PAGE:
I am a medical man, and the questions "Why?" and "What else?" are never too many for me. And that helps me to analyze everything by comparing it to something related to our biology.
Being a medical student, I study that almost all diseases can be pinned on genetics. Even infectious diseases (like TB) have a distribution according to genetic predisposition controlled by certain genes. One day, gene therapy might help us make health virtually infallible (not immortal, you cannot fight death).
But there's one disease that is prevalent in every walk of life and might not be curable. Corruption is everywhere. If the media finds loose ends in the corruption by our politicians, it doesn't mean they get the urge once they take office. It's naturally in almost every person in the world, some just fear the Law and yet fewer, fear God.
The first "patient" of corruption I came across was in fact a "friend". I put that in inverted commas because actually I'm a loner in my college, which is apparently a social experiment of bozos from every corner of the country (and outside too but more on that later). You see, there's a Sports Week in every medical college that lasts for about a month (no, they call it the Sports Week the whole month with no hesitation). While the athletes play, the nerds take offices of different societies and sports. This guy was part of the Volleyball Club and had gotten some money to buy ribbons to decorate the poles. He asked me to accompany him and so I did. To my surprise, he looked very excited about the task and kept smiling all the way.
At the shop, he bought the ribbons and two packets of chips. Moreover, he asked the shopkeeper to make a cash memo of an amount larger than the prices of the ribbons. I was shocked. I told him I won't let him do it, while he had his hand stretched out with my chips. In his defense, he said the Club President had told him to do whatever he wanted with the money as long as he brought a cash memo of the given amount. I was dumbfounded. I refused to take the chips and walked away as he stood displeased over my rude refusal to take the packet.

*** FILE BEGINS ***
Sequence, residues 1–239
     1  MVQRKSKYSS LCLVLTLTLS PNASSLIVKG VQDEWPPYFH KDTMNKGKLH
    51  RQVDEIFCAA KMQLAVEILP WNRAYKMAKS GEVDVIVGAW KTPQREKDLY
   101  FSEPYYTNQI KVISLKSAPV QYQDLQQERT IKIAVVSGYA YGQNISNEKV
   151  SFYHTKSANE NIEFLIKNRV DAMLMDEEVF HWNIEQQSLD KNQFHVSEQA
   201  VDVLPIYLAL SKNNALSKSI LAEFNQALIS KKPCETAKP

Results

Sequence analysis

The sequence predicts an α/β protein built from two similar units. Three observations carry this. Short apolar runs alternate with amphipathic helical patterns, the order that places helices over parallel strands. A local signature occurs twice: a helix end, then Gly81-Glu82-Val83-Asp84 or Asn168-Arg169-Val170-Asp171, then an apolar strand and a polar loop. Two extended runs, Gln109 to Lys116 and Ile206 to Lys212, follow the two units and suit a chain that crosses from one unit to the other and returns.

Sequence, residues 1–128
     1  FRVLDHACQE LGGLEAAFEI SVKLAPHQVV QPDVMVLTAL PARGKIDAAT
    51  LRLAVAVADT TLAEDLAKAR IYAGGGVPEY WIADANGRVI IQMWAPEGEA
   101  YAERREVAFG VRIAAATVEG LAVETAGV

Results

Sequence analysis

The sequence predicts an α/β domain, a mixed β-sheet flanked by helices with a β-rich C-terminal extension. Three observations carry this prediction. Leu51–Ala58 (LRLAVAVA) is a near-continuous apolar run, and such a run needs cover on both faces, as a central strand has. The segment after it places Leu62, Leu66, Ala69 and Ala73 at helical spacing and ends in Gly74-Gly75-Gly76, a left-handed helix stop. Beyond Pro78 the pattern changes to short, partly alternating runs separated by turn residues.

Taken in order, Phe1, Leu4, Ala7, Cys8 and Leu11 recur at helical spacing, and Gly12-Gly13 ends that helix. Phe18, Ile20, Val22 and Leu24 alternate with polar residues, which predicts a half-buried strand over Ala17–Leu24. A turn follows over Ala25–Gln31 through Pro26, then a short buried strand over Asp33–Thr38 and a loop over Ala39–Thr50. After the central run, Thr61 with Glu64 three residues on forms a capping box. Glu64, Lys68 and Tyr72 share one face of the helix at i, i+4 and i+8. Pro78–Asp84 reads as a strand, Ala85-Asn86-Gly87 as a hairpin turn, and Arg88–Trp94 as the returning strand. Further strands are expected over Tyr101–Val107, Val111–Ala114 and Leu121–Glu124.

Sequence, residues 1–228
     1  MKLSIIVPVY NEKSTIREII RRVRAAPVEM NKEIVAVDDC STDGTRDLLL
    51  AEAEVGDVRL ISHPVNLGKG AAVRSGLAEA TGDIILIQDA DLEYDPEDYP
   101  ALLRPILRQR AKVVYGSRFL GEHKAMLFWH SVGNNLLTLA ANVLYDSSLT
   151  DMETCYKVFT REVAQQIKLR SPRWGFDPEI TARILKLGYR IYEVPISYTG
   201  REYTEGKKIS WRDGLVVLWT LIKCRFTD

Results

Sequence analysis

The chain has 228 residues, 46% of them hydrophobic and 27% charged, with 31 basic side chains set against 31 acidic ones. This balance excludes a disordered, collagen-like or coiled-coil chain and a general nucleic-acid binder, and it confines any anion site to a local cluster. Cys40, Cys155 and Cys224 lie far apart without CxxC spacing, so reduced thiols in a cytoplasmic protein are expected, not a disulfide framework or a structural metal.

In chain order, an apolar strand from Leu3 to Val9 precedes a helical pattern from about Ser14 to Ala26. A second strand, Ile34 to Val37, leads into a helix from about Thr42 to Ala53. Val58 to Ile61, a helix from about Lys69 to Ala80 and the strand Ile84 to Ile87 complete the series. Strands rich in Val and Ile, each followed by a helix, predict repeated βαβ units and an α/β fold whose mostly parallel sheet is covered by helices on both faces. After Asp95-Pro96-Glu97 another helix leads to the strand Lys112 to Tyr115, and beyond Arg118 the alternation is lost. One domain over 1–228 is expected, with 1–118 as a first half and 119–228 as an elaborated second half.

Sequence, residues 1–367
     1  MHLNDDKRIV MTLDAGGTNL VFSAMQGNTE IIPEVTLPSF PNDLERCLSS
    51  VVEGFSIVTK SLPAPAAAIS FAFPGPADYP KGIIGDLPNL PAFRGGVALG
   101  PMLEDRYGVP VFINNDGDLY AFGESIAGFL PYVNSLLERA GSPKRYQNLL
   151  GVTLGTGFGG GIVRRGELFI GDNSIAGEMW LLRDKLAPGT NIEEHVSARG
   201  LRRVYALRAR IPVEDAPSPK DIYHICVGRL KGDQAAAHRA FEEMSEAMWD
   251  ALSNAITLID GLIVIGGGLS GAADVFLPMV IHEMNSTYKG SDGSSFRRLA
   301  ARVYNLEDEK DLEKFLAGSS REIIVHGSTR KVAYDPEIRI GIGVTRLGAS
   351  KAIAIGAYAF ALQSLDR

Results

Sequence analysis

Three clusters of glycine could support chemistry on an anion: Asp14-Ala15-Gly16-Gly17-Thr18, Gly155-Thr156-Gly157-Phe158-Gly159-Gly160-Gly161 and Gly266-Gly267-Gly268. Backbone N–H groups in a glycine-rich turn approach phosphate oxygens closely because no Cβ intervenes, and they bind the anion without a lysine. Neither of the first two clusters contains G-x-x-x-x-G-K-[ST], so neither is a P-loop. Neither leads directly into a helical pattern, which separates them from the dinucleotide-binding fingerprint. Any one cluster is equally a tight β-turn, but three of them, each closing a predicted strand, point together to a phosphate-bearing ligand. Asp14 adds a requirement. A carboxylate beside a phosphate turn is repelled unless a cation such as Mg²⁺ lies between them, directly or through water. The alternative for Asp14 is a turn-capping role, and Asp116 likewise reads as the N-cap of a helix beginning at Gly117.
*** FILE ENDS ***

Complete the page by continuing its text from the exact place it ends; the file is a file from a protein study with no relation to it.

It has been about a year since that day and I'm still disgusted the same when I think about it. This goes on in every society, in every public institution, every year. Face it, we have no right to criticize our politicians.
Another hallmark of medical colleges is bribing lab attendants to help you in the practical examinations. It is such a normal thing that whenever one expressed his unwillingness, he's everybody's laughing stock. That's where "doctors" come from. Once a guy was begging even after paying up, the attendant said, "Sahab! Fikar na karo, kabhi Haraam nahi khaya!" (Sir! Don't worry, I never earn black money).
But again, I'm not blaming doctors or lab attendants- but our nature. I know that teachers in private medical colleges leak university papers to their students so they get distinctions and help them boost their business. Yes, teachers- the so-called builders of tomorrow! Every year, students from private medical colleges (who weren't able to get admissions to government medical colleges because of low marks/ grades) get top positions and get the undue admiration. In practicals, they dictate answers to them before they even enter the laboratory. So if a student in a public medical college bribes an attendant to help him get a few marks, his crime is grossly eclipsed by the teachers' who dictate answers to all questions prior to the examinations.
If there's something that lifted the spirits of the nation, it's cricket. We haven't had any at home in two years but we still love to explore new horizons of curses when we see Afridi get caught on TV. Just as our team appeared to have regained its lost glory in the form of Asif and Aamer (rated the best opening pair by Ian Chappell), corruption made a comeback as well. No doubt it was a set-up, but our players were also bent upon following the leaders of the nation. It's pathetic how they keep preaching their innocence while the news channels have run every video evidence, even the one in which the money is taken.
Earlier Wasim Akram had praised Aamer upon his success saying, "Aamer is more clever than me when I was 18 years". Too bad Aamer proved he was clever by not just bowling like him at that age, but also earning like he did.
Reluctantly, I'd like to say a couple of things about corruption in politics.
Firstly, I'd like to appreciate the fact that some politicians admit they are corrupt.
This tells us that the evil of corruption is beyond repair or reversal. This shows that we have no values as a nation. If there is corruption even in Hajj Schemes, trust me, there is no hope.
Secondly, I'd like to compare another shenanigan that goes on in our Provincial Assemblies with ourselves. While all students are aware of the proxy attendance, the same goes on in the assemblies. Today, Rana Sanaullah pointed out in the Punjab Assembly that the attendance register had marked 35 members as present while only 11 were actually there. I love Pakistan.